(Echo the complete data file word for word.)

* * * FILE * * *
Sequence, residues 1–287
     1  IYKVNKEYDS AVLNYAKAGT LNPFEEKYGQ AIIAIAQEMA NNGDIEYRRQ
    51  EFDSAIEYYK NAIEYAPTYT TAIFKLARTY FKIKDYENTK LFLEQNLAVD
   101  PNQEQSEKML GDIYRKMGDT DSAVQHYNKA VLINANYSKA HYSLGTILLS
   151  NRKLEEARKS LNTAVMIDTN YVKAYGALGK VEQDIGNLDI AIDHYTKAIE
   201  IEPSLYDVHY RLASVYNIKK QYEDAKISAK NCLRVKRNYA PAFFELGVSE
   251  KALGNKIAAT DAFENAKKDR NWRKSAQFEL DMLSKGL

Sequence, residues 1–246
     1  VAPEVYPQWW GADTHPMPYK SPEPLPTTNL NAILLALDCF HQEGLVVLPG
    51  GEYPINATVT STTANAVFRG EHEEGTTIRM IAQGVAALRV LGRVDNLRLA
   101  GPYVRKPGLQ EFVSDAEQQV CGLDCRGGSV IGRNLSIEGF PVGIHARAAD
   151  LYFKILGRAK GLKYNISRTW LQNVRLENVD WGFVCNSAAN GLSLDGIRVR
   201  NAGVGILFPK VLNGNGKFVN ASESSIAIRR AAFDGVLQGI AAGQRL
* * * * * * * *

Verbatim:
Sequence, residues 1–287
     1  IYKVNKEYDS AVLNYAKAGT LNPFEEKYGQ AIIAIAQEMA NNGDIEYRRQ
    51  EFDSAIEYYK NAIEYAPTYT TAIFKLARTY FKIKDYENTK LFLEQNLAVD
   101  PNQEQSEKML GDIYRKMGDT DSAVQHYNKA VLINANYSKA HYSLGTILLS
   151  NRKLEEARKS LNTAVMIDTN YVKAYGALGK VEQDIGNLDI AIDHYTKAIE
   201  IEPSLYDVHY RLASVYNIKK QYEDAKISAK NCLRVKRNYA PAFFELGVSE
   251  KALGNKIAAT DAFENAKKDR NWRKSAQFEL DMLSKGL

Sequence, residues 1–246
     1  VAPEVYPQWW GADTHPMPYK SPEPLPTTNL NAILLALDCF HQEGLVVLPG
    51  GEYPINATVT STTANAVFRG EHEEGTTIRM IAQGVAALRV LGRVDNLRLA
   101  GPYVRKPGLQ EFVSDAEQQV CGLDCRGGSV IGRNLSIEGF PVGIHARAAD
   151  LYFKILGRAK GLKYNISRTW LQNVRLENVD WGFVCNSAAN GLSLDGIRVR
   201  NAGVGILFPK VLNGNGKFVN ASESSIAIRR AAFDGVLQGI AAGQRL